Let's move on to the defensive side of the ball. As many of you have pointed out time and time again, the bench is really only a good offensive distributor away from being good. The defense has been tough. In particular, the help defense and weak-side defense has been stellar. Devin Brown et al. have been allowing quick point guards to penetrate the lane, but James Posey and Hilton Armstrong have done a great job sealing off the interior. On top of that, Butler and Brown have played the passing lanes well, preventing easy kick outs (starters, you guys paying attention?).

So how does Daniels rate as a defender?

BF: Bad.  He's too slow laterally to stay in front of most point guards and he's too small to handle shooting guards.  Back in the day (like circa 2001 with the Spurs), AD was an excellent defender because of his quickness, but those days are long gone.  I wouldn't say he's totally useless, but he isn't very good anymore.  This season, the Wizards have been 12 points worse per 100 possessions with AD on the court (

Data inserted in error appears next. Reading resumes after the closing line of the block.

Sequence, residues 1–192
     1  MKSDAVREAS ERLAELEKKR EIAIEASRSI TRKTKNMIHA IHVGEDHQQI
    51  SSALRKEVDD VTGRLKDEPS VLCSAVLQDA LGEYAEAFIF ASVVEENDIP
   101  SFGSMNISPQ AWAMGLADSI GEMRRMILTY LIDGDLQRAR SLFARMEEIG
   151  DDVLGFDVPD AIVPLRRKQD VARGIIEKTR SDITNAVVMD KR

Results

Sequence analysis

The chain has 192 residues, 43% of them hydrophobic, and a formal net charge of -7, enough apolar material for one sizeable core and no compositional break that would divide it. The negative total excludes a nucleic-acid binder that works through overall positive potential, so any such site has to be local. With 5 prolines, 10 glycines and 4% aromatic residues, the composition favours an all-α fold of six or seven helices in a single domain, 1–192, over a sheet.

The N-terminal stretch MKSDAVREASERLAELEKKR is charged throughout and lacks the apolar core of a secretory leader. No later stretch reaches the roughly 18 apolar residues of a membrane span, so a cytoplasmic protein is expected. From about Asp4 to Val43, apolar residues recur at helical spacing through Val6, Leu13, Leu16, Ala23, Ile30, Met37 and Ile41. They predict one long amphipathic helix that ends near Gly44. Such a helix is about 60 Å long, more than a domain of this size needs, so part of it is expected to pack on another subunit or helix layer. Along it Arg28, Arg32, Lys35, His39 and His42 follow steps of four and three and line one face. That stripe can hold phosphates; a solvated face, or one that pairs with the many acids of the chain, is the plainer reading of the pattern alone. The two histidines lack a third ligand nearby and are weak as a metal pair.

The good news is that AD is at least a smart defender that won't gamble and mess up your schemes.  In that sense, you can survive having him out there if you have other good defenders on the roster.  But that does not make him a good or even mediocre defender anymore.

Sad to hear. Honestly though, I don't consider Devin Brown a great on the ball defender either. Nor do I think Jeff Bower intended to bring in a good man defender. The truth is that most 6'4" and above guys in their 30's simply cannot guard short, quick point guards. So we can't hold that against Daniels. I feel like the defense should continue to look similar to its pre-trade look: enough dribble penetration to be unnerving, but great help defense to cover it up. This isn't going to help James Posey out all that much, but hey, this is why we signed him, right?